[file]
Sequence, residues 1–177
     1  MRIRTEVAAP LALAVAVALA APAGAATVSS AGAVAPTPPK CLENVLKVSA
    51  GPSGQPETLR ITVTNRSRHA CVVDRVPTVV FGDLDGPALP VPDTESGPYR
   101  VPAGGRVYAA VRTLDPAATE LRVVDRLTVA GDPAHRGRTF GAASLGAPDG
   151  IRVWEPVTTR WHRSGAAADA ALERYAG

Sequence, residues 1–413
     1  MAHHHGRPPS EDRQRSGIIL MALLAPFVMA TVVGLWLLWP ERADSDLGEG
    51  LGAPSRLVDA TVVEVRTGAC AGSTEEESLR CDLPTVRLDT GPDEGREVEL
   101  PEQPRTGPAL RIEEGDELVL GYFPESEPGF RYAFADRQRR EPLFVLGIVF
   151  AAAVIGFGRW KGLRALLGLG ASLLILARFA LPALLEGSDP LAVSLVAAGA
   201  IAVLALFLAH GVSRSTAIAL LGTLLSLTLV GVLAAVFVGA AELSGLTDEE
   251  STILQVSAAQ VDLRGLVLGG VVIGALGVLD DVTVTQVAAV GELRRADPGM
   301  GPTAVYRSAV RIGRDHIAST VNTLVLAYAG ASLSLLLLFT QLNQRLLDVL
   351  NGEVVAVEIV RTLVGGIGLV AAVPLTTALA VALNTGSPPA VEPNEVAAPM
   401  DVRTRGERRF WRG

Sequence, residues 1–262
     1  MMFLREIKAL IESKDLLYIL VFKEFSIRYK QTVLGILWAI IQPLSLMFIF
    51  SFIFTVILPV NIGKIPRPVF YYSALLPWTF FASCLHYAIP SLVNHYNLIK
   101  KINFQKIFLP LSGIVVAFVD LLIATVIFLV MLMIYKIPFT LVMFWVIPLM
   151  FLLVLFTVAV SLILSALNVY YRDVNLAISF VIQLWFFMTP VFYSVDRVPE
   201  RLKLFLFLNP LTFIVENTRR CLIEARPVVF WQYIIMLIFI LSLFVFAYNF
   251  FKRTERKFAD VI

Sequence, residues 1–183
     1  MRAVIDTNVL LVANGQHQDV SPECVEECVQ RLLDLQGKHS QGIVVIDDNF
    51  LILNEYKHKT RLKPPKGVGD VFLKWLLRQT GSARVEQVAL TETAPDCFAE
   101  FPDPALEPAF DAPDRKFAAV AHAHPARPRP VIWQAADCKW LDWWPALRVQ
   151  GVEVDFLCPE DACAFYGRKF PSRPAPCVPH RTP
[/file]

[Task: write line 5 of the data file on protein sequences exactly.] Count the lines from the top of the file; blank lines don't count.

   151  IRVWEPVTTR WHRSGAAADA ALERYAG